According to Ramazani Mwamba who wrote recently for England’s Manchester Evening News, the rest of the world wants ancient artefacts back from the United Kingdom.
Egyptian archaeologists have become the latest in a long line to call for the British Museum to return historic artefacts to their original owner. The Rosetta Stone, which has been on display as part of an exhibition at the museum, has come into conversation after a petition was raised calling for its return.
A petition , which has over 150k signatures was set up by archaeologist Zahi Hawass and states that "it seems absurd that the British Museum would continue to hold on to such a blatant symbol of its colonial past". But what are some other artefacts that are in the British Museum which other countries have asked to be returned?
The Benin Bronzes
These bronze figures of soldiers were stolen from the King's palace by British troops during the Benin Expedition in 1897. The sculptures that were made in 1550 and 1750 helped changed European attitudes to African culture in that it showed that African countries had sophisticated technology and a rich artistic tradition.
The return of these artefacts has a muddled history due to the territories claimed by Benin and neighboring Nigeria. Both countries were once part of the West African Kingdom but have since been separated. However, there are questions as to where Bronzes were created and who they belong to.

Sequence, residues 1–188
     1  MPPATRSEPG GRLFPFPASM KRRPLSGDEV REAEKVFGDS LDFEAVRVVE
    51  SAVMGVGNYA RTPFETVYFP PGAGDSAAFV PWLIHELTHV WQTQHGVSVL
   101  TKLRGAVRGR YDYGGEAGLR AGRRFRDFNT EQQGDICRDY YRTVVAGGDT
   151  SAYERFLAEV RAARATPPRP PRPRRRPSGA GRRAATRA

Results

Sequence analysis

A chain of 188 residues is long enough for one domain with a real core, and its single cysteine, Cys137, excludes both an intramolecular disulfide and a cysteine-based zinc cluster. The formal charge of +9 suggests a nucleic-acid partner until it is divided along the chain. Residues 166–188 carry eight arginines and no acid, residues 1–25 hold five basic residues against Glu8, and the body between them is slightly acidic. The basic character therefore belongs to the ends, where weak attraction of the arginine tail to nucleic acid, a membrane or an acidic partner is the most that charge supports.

The baked clay cylinder has the rules of former Persian King Cyrus inscribed on them. They were found in the ruins of Babylon (50 miles south of Baghdad), Iraq, and taken to the British Museum.
Like the Benin Bronzes, the rightful owner of the artefact has been called into question. Despite being found in Baghdad, the cylinder is claimed by Iran.
Easter Island statue
Perhaps the most iconic and well known on the list, the giant statue was taken from the remote Cayman Easter Island back in 1869. Back in 2019 the Rapa Nui leaders requested the return of the statue during a meeting with British Museum bosses.
However, just a month after the meeting, the mayor of Rapa Nui conceded that maybe the statue should remain at the British Museum to better preserve the monument.
Actually, come to think of it, perhaps having these artefacts at the British Museum might help not only in their preservation, but also help tourists decide to visit the countries where they originally come from. Afterall, London is one of the world’s high destination visiting platforms that could spark tourism to these lands.
Have a terrific day!
Prof. Carl Boniface